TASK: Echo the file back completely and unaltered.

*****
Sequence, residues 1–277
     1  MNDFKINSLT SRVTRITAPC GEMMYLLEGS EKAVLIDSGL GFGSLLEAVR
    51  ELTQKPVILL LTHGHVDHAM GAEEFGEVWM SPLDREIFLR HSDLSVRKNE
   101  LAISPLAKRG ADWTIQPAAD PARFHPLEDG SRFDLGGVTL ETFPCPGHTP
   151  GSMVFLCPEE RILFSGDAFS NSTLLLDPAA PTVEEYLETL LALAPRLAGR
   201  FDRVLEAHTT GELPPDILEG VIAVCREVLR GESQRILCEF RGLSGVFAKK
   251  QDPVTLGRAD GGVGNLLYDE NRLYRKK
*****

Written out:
Sequence, residues 1–277
     1  MNDFKINSLT SRVTRITAPC GEMMYLLEGS EKAVLIDSGL GFGSLLEAVR
    51  ELTQKPVILL LTHGHVDHAM GAEEFGEVWM SPLDREIFLR HSDLSVRKNE
   101  LAISPLAKRG ADWTIQPAAD PARFHPLEDG SRFDLGGVTL ETFPCPGHTP
   151  GSMVFLCPEE RILFSGDAFS NSTLLLDPAA PTVEEYLETL LALAPRLAGR
   201  FDRVLEAHTT GELPPDILEG VIAVCREVLR GESQRILCEF RGLSGVFAKK
   251  QDPVTLGRAD GGVGNLLYDE NRLYRKK